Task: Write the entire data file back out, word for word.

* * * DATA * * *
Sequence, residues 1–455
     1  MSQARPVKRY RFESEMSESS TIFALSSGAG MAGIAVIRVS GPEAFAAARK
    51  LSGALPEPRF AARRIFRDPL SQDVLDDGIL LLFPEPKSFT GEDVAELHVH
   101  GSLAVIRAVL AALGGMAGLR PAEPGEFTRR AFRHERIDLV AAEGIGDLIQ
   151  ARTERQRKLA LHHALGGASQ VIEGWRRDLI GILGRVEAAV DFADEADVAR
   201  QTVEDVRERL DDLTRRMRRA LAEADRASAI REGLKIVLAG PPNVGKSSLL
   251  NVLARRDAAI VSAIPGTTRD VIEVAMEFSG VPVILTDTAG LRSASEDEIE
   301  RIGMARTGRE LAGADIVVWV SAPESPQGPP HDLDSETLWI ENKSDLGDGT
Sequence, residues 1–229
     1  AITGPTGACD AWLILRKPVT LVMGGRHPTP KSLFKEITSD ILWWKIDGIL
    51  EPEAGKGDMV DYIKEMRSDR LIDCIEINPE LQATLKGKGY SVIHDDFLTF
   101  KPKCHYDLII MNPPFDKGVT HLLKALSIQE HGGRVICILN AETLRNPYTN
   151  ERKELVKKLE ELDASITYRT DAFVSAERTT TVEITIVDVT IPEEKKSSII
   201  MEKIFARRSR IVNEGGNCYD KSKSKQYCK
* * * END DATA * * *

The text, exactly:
Sequence, residues 1–455
     1  MSQARPVKRY RFESEMSESS TIFALSSGAG MAGIAVIRVS GPEAFAAARK
    51  LSGALPEPRF AARRIFRDPL SQDVLDDGIL LLFPEPKSFT GEDVAELHVH
   101  GSLAVIRAVL AALGGMAGLR PAEPGEFTRR AFRHERIDLV AAEGIGDLIQ
   151  ARTERQRKLA LHHALGGASQ VIEGWRRDLI GILGRVEAAV DFADEADVAR
   201  QTVEDVRERL DDLTRRMRRA LAEADRASAI REGLKIVLAG PPNVGKSSLL
   251  NVLARRDAAI VSAIPGTTRD VIEVAMEFSG VPVILTDTAG LRSASEDEIE
   301  RIGMARTGRE LAGADIVVWV SAPESPQGPP HDLDSETLWI ENKSDLGDGT
Sequence, residues 1–229
     1  AITGPTGACD AWLILRKPVT LVMGGRHPTP KSLFKEITSD ILWWKIDGIL
    51  EPEAGKGDMV DYIKEMRSDR LIDCIEINPE LQATLKGKGY SVIHDDFLTF
   101  KPKCHYDLII MNPPFDKGVT HLLKALSIQE HGGRVICILN AETLRNPYTN
   151  ERKELVKKLE ELDASITYRT DAFVSAERTT TVEITIVDVT IPEEKKSSII
   201  MEKIFARRSR IVNEGGNCYD KSKSKQYCK